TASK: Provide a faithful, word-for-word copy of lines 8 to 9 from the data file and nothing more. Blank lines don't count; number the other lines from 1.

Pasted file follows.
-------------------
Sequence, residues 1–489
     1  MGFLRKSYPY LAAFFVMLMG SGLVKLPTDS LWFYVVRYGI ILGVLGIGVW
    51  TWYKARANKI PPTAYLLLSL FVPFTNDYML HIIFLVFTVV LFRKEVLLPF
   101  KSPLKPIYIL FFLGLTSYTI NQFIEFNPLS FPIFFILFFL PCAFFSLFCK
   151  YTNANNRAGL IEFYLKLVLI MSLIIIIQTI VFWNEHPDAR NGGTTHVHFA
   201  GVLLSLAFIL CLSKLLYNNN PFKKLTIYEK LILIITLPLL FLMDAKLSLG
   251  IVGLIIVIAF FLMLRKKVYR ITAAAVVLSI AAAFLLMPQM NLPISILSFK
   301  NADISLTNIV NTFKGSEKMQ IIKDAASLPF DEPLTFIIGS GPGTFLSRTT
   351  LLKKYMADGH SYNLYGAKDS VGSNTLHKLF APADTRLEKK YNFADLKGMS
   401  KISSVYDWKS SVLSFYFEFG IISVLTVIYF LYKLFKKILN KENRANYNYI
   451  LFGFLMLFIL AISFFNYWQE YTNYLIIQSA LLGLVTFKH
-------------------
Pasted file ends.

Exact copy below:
   301  NADISLTNIV NTFKGSEKMQ IIKDAASLPF DEPLTFIIGS GPGTFLSRTT
   351  LLKKYMADGH SYNLYGAKDS VGSNTLHKLF APADTRLEKK YNFADLKGMS